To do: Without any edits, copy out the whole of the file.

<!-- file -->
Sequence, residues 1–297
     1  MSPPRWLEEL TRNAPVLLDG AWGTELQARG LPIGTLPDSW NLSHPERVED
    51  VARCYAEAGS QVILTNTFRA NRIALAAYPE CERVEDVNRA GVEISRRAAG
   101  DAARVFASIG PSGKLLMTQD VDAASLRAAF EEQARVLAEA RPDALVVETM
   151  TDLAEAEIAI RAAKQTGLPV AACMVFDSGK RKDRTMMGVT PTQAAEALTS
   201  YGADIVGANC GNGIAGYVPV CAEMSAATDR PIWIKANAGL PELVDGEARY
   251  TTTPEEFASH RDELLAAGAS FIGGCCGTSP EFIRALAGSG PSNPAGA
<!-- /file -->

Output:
Sequence, residues 1–297
     1  MSPPRWLEEL TRNAPVLLDG AWGTELQARG LPIGTLPDSW NLSHPERVED
    51  VARCYAEAGS QVILTNTFRA NRIALAAYPE CERVEDVNRA GVEISRRAAG
   101  DAARVFASIG PSGKLLMTQD VDAASLRAAF EEQARVLAEA RPDALVVETM
   151  TDLAEAEIAI RAAKQTGLPV AACMVFDSGK RKDRTMMGVT PTQAAEALTS
   201  YGADIVGANC GNGIAGYVPV CAEMSAATDR PIWIKANAGL PELVDGEARY
   251  TTTPEEFASH RDELLAAGAS FIGGCCGTSP EFIRALAGSG PSNPAGA